Girls tricked by STEAMY message: Webcam spyware student jailed
'It's the only way to, er, clean the sensor'
A cyberstalking computer science student who tricked women into taking computers with hacked webcams into steamy shower rooms has been jailed for 12 months.
Trevor Timothy Harwell, 21, of Fullerton in California, will be forced to spend five years on probation following his release and ordered to complete a sex offender treatment programme after he was convicted of illegally installing spyware on six women’s computers in order to capture images and videos for his "subsequent sexual gratification". Fullerton pleaded guilty to six felony counts of computer access and fraud, a statement by Orange County prosecutors on the case explains.
Cyberstalkers have been getting their rocks off by secretly snooping on female victims via webcams for several years. In some case, young women and girls have been blackmailed into performing further nude poses and sex acts by hackers threatening to distribute the compromising images they had already captured of their victims via the internet.
Harwell added a twisted refinement to the basic scam by making sure infected computers displayed a bogus error message to increase the chances of capturing nude pictures and movies.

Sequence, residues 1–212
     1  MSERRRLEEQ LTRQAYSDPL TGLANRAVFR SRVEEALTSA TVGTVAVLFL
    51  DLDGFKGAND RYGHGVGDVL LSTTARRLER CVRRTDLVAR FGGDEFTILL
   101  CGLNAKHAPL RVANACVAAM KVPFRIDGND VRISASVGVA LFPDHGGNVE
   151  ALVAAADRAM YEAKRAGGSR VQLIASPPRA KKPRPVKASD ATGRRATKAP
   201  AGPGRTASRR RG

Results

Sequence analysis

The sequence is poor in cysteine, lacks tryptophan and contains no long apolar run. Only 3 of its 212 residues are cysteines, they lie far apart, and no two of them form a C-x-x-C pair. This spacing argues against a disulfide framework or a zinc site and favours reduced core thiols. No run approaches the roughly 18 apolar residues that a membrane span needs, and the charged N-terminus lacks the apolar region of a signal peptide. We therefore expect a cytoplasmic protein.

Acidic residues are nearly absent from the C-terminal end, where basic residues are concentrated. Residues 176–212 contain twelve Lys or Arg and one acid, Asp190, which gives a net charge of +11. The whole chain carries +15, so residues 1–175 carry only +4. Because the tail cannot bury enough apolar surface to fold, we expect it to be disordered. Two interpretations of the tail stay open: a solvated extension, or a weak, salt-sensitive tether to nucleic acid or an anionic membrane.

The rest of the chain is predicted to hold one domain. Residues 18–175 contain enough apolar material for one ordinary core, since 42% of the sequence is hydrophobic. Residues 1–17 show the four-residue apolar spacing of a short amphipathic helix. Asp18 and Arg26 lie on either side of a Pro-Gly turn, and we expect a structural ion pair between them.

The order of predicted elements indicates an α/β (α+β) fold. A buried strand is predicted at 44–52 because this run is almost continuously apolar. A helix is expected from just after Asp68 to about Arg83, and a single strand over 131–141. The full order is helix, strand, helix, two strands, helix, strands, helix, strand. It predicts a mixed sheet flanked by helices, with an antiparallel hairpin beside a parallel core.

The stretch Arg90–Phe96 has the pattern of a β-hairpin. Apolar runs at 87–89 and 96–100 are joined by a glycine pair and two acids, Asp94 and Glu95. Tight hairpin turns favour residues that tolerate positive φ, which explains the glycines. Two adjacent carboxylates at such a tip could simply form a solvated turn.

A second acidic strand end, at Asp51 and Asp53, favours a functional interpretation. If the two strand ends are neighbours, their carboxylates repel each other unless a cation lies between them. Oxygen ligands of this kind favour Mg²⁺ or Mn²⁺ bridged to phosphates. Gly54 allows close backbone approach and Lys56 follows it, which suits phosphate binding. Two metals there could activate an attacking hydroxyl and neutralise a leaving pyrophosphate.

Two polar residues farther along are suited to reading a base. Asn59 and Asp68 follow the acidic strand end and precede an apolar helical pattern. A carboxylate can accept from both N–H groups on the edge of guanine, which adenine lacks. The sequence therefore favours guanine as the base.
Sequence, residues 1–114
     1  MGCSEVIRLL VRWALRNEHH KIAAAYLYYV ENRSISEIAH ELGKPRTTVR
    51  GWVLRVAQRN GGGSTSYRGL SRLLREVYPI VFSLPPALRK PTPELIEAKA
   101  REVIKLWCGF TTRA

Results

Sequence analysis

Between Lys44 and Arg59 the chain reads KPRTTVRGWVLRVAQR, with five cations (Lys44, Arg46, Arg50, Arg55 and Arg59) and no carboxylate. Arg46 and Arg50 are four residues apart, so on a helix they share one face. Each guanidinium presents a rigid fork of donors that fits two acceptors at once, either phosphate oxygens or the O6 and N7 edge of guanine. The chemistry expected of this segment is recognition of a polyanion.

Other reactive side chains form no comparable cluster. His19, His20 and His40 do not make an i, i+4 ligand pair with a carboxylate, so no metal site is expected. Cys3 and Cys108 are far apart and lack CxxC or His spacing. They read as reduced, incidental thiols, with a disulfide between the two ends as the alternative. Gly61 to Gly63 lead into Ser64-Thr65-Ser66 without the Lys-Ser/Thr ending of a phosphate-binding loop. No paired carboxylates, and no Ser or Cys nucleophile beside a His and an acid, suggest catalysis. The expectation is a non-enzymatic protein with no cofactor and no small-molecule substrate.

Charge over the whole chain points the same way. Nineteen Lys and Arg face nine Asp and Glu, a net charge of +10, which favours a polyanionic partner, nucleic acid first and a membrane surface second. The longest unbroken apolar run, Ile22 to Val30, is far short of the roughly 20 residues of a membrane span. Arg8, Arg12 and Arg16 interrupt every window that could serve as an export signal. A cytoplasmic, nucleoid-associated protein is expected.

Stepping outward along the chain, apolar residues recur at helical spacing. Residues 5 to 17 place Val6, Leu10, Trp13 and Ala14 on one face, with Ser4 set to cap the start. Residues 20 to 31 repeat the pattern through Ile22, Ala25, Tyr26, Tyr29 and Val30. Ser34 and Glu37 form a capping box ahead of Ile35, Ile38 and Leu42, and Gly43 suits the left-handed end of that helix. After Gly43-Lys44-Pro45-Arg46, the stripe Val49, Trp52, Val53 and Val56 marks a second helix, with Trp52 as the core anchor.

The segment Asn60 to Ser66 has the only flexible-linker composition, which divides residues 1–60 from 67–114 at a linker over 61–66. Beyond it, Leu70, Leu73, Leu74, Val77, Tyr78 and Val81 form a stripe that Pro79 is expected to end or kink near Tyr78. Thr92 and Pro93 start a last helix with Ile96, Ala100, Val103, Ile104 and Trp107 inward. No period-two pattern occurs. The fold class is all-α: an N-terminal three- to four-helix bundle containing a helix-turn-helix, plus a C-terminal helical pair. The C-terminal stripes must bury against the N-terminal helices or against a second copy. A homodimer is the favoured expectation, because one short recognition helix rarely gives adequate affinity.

The bogus error message stated: "You should fix your internal sensor soon. If unsure what to do, try putting your laptop near hot steam for several minutes to clean the sensor."
Despite the implausibility of this message, several women were nonetheless tricked into taking their laptops into their bathroom while taking a steamy shower.
Harwell was able to install "CamCapture" spyware onto victims' computers in the first place because he worked part time as a computer repairman, specialising in fixing Macs, starting in June 2009. Harwell met his six identified victims through friends and his church before gaining access to their computers under the pretense of providing computer support. The scheme was exposed after two of his victims, who happened to be sisters, observed that the computer camera was irregularly blinking and took it to be repaired at a different shop.
The presence of spyware was detected and the matter was reported to police who opened an investigation that identified four other victims as well as fingering Harwell as a prime suspect in the case. Thousands of secretly taken still images and videos were found on Harwell's computer. He was charged in June 2009.
Additional commentary on the case can be found in a blog post by Graham Cluley of Sophos here. ®
Sponsored: Today’s most dangerous security threats